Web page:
Creatine

Creatine is another typical ingredient in pre-workouts however for the beginner we recommend the addition of creatine on its own for those looking to gain muscle and strength. Creatine is a completely natural ingredient that helps in the production of energy, particularly in high intensity exercise such as weightlifting. Addition of this into the diet around training enables the body to maintain performance for longer, thus allowing greater increases in muscle size and in turn strength. Creatine comes in many forms but for the beginner a basic creatine monohydrate should suffice to see how you respond. For those who don’t respond, which happens in a small percentage of the population, other forms exist that improve absorption and uptake which may be worth a try if this situation occurs.

Amino Acids

The next two supplements are what I would deem as advanced beginner, once the diet has been nailed and for those looking to bump recovery and performance even further as training intensifies, the addition of BCAA’s themselves to be taken during the workout, usually as a drink, are a useful addition. These are super-fast absorbing and digesting, providing muscles instantaneously with key amino acids that direct the muscle cells to increase protein metabolism, and in turn aid recovery and growth. Key amino acids to look out for in a BCAA drink are Leucine and Glutamine, these are usually accompanied with isoleucine and valine which work synergistically with the other amino acids to improve their effectiveness. The final recommendation would be the addition of a fast digesting carbohydrate to be taken with or slightly prior to our post-workout protein shake. During exercise muscle glycogen (the storage form of carbohydrate) is depleted rapidly during bouts of high intensity weight training, this needs to be replenished as soon as possible after training, certain fast digesting carbs such as vitargo and cyclic dextrin are designed to be able to digest and absorb in much greater amounts than those found in many sports drinks, meaning you can refuel quicker with less chance of a stomach upsets.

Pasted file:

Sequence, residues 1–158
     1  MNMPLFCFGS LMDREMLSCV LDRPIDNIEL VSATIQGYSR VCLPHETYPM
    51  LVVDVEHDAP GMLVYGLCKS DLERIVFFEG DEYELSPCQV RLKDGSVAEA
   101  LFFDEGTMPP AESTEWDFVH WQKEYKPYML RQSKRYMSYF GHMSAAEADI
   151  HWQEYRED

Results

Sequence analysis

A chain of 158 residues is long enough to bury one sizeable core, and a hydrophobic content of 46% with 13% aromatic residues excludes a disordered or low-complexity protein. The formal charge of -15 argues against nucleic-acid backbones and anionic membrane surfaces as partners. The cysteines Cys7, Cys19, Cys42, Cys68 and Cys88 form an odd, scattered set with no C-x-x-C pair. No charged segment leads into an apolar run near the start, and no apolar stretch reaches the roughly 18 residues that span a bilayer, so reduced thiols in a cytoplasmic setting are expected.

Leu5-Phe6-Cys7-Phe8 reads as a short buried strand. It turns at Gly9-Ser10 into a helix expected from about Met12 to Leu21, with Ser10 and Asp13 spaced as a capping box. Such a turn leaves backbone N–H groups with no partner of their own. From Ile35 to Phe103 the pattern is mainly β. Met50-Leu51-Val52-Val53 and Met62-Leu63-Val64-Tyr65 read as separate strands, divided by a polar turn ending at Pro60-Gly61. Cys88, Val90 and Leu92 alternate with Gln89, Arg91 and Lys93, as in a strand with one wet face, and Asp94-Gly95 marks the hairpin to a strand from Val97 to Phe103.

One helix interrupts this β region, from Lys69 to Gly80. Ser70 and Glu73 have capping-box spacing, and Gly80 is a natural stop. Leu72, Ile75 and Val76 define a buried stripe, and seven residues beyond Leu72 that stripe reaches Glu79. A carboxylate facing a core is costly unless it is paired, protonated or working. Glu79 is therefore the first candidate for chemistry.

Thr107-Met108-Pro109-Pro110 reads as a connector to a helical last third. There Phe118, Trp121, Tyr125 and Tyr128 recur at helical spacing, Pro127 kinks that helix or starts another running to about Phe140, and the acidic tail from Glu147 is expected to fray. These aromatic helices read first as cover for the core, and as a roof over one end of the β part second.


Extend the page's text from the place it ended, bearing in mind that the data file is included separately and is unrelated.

Carbohydrate

The other added bonus is that carbohydrate ingestion causes the body to release the bodies most muscle building hormone, insulin. After training this release of insulin helps the body transport not only carbohydrates into the muscle but also other nutrients, like your amino acids improving recovery and muscle growth. Here at CSN we love our supplements and the many benefits they can give you, we are passionate about educating ourselves and being able to provide our customers with the best possible advice and knowledge of the basic (and some of the not so basic!) supplements/ingredients available, in order to help you and direct you to the best possible supplements for your needs to help you achieve your goals. Paul Rimmer (BSc, MSc)